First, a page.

Visiting Hong Kong would normally mean shopping and Disneyland, but there's more to the island than unbridled capitalism. You may visit the Hong Kong Space Museum instead.
The museum, located in Shim Sha Tsui district in Kowloon, doesn't have displays as extensive as the one I visited in Shanghai, but there's a gem or two in the displays, including the ancient Chinese rockets, and the diorama depicting the Moon landing.
Ares I-X was the first test flight in the Ares I program, a launch system for human spaceflight currently under development by the United States space agency NASA. Ares I-X was successfully launched on October 28, 2009. [Wikipedia]
Carl Sagan's Pale Blue Dot. There are several different versions of "The Pale Blue Dot" on-line. The actual words were taken from Carl Sagan's "Pale Blue Dot" audio-book, the music was performed by Vangelis but was extracted from the Cosmos DVD (English audio track 2 has no narration, just the background sounds and the music.) All the pictures inserted by the author of this video to portray what he feels Carl Sagan was trying to say.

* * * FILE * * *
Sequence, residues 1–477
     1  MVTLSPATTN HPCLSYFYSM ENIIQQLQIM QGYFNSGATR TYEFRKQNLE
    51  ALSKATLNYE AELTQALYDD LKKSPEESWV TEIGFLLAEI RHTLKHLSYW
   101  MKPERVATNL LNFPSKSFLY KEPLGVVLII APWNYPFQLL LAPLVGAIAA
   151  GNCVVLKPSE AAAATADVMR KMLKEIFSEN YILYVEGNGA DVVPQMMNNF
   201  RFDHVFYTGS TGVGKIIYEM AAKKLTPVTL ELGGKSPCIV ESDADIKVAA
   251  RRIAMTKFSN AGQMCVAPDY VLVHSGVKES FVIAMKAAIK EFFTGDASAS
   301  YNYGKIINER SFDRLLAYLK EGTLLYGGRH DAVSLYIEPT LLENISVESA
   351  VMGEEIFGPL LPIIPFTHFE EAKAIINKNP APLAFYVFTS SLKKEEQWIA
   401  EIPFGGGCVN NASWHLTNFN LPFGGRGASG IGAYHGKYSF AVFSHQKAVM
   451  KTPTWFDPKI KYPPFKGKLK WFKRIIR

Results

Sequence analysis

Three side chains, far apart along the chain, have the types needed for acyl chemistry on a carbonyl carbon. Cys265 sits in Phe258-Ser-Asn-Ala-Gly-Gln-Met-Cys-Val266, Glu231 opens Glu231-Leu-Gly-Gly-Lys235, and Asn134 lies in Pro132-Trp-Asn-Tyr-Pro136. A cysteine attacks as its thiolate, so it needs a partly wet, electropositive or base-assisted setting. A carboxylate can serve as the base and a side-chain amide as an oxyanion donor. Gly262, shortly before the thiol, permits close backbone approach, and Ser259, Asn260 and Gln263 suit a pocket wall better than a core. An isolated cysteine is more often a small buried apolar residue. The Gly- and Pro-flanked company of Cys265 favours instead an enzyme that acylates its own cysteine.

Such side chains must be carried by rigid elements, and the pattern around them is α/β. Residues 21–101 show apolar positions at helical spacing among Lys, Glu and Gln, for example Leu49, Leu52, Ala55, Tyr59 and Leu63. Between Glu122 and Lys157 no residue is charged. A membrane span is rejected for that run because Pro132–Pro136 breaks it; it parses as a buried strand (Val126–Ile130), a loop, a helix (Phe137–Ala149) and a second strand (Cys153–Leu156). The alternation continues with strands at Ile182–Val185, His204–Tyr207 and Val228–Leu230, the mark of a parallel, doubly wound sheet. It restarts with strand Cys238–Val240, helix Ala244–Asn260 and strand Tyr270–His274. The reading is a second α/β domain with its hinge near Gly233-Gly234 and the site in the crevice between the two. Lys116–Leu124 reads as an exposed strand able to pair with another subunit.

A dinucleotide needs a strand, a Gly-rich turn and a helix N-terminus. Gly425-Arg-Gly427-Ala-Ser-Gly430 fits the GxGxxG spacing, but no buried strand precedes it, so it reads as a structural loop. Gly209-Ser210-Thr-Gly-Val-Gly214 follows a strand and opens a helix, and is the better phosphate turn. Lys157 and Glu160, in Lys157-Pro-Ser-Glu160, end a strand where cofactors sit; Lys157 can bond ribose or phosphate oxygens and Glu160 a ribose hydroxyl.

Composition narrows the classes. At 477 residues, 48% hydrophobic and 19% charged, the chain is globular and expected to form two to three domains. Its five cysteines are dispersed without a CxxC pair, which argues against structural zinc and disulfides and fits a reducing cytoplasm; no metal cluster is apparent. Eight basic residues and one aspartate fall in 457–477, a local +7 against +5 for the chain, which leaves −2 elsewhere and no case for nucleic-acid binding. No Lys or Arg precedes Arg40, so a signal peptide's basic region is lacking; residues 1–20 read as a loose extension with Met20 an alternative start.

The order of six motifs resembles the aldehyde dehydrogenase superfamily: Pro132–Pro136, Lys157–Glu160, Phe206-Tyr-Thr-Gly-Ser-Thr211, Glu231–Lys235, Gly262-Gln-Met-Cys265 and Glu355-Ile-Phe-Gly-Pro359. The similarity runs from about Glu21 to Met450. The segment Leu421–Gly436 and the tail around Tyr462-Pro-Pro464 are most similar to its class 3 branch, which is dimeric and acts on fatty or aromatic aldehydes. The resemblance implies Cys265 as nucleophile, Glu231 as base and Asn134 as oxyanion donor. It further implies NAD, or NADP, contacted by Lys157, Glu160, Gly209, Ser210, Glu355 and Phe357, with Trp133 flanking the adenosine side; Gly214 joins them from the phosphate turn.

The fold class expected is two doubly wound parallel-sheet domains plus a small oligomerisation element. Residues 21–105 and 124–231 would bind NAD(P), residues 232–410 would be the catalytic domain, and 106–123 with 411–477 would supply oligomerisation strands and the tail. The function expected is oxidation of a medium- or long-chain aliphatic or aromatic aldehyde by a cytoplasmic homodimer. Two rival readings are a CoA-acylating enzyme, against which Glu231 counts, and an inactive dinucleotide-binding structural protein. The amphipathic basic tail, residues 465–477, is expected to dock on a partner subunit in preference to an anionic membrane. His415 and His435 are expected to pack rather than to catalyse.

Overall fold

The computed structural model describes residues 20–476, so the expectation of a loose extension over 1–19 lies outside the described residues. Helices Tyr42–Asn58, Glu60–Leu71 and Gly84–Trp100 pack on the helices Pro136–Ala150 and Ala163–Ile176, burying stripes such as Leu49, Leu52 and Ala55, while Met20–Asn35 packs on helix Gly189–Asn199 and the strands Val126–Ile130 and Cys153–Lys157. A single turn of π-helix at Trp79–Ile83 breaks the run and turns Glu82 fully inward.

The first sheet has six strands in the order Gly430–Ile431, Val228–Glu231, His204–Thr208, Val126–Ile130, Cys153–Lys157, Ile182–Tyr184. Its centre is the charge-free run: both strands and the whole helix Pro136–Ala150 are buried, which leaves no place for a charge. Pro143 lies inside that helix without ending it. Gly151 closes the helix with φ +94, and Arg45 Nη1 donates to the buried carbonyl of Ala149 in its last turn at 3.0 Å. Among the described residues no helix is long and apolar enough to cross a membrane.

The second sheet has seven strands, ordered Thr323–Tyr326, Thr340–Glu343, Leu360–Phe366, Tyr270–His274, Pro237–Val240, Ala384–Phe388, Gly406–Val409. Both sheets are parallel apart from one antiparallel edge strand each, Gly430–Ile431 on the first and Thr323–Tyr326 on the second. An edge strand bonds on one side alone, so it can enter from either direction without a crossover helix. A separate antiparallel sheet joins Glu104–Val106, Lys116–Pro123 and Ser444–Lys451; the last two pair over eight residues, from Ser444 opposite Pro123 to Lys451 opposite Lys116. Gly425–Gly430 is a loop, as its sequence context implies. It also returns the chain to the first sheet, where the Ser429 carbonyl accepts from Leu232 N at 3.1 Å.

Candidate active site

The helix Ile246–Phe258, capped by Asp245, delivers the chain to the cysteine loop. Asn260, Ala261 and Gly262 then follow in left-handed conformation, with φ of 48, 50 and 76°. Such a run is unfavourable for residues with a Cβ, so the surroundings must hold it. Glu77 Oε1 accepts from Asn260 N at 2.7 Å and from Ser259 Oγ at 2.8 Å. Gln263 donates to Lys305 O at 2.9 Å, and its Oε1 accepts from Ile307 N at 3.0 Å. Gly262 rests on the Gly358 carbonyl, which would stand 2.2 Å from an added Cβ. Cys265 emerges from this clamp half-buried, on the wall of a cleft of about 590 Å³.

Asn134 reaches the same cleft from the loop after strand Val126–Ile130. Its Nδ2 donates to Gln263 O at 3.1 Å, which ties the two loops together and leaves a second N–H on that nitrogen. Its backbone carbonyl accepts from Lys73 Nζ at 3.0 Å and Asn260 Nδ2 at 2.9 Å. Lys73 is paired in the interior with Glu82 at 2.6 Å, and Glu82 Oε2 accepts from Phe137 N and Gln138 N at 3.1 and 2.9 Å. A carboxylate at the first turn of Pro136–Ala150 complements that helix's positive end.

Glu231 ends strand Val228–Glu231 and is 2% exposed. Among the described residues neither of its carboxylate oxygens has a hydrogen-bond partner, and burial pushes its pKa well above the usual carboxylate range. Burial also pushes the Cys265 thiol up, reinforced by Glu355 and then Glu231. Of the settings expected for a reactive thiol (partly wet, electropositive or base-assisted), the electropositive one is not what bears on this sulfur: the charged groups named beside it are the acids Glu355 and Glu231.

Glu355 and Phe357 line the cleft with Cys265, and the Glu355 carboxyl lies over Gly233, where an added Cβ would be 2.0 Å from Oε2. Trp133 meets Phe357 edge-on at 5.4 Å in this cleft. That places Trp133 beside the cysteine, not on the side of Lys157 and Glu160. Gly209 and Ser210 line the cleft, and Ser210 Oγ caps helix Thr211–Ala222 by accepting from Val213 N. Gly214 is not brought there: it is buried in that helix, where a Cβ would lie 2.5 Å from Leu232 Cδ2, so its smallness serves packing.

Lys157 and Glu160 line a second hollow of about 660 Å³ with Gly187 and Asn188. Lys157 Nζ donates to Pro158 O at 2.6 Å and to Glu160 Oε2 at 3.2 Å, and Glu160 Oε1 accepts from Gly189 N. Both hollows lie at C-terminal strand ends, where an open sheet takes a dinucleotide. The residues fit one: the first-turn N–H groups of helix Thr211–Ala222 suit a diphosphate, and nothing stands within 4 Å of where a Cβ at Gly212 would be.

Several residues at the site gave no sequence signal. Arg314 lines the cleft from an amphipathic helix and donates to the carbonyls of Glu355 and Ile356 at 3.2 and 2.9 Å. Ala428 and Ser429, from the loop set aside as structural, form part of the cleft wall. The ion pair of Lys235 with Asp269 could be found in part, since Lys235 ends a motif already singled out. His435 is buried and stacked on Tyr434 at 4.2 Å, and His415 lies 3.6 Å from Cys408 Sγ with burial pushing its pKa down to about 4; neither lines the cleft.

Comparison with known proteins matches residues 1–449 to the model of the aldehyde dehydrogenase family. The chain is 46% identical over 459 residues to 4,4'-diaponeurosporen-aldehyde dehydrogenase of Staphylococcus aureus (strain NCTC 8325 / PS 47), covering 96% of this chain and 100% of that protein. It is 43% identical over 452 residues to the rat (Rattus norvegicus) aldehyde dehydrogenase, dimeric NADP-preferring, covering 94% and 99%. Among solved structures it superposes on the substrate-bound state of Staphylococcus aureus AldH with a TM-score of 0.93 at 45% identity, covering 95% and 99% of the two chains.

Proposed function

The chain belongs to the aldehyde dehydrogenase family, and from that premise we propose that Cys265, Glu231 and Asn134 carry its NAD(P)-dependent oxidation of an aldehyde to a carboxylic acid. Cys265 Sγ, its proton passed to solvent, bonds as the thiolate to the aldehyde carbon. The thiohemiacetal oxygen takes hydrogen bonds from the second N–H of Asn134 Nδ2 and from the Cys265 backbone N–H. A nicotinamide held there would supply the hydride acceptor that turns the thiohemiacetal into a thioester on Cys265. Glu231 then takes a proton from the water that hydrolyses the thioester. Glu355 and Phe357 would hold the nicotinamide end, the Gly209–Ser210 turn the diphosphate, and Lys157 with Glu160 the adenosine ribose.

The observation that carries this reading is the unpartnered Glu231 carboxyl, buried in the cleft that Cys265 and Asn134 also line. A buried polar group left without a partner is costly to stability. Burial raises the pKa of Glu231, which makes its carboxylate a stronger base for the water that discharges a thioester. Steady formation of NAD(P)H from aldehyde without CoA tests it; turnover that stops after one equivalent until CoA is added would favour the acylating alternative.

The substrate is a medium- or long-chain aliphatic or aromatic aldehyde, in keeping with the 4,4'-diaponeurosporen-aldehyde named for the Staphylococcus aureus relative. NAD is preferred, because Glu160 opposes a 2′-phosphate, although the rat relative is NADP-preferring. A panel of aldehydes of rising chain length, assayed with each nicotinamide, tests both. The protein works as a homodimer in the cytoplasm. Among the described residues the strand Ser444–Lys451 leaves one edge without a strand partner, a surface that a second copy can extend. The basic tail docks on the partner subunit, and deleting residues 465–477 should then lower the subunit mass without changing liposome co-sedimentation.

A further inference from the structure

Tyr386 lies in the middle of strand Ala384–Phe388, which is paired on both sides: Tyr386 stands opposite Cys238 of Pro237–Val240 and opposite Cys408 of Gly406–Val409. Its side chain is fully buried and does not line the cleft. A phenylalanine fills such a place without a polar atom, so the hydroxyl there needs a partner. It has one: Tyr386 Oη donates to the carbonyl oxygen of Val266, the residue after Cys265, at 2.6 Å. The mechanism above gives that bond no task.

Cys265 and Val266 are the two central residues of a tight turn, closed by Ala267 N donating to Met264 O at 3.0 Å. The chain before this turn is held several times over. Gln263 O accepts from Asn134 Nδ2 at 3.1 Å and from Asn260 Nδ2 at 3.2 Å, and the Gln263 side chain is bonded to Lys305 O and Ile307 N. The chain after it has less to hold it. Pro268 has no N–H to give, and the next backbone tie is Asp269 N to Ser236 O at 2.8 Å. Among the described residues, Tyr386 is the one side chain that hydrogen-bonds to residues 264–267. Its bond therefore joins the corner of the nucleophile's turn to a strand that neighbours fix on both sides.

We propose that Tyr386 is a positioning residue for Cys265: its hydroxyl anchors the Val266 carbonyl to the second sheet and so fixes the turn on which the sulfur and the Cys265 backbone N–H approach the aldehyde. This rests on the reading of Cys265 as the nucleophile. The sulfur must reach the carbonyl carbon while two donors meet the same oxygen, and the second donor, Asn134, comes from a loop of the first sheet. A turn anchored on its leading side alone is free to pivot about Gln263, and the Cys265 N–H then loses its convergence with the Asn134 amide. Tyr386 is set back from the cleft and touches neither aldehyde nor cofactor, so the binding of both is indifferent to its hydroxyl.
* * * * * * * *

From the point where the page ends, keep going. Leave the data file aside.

Here's the composite image of the sun at 6, 4 and 2 minutes before totality which I took during the July 22 eclipse in Jinshanwei, China. (I'm one of the two in-charge with multiple exposures). The eclipse occurred at 9:43 local time.
The storm clouds blocked the sun's disc during totality but the darkness was very apparent.
Space-X's Falcon 9 is ready at its launch pad in Cape Canaveral.
SpaceX completed the Falcon 9 vehicle integration in a horizontal position on December 30, 2008. After integration, Falcon 9 was lifted and mated to a transporter erector system, designed and built by SpaceX, which carried the 17 foot diameter, 180 foot long rocket to the launch pad. On January 10, 2009 at 12:45 PM EST, SpaceX began the process of raising Falcon 9 and approximately 30 minutes later, Falcon 9 stood vertical at the Cape.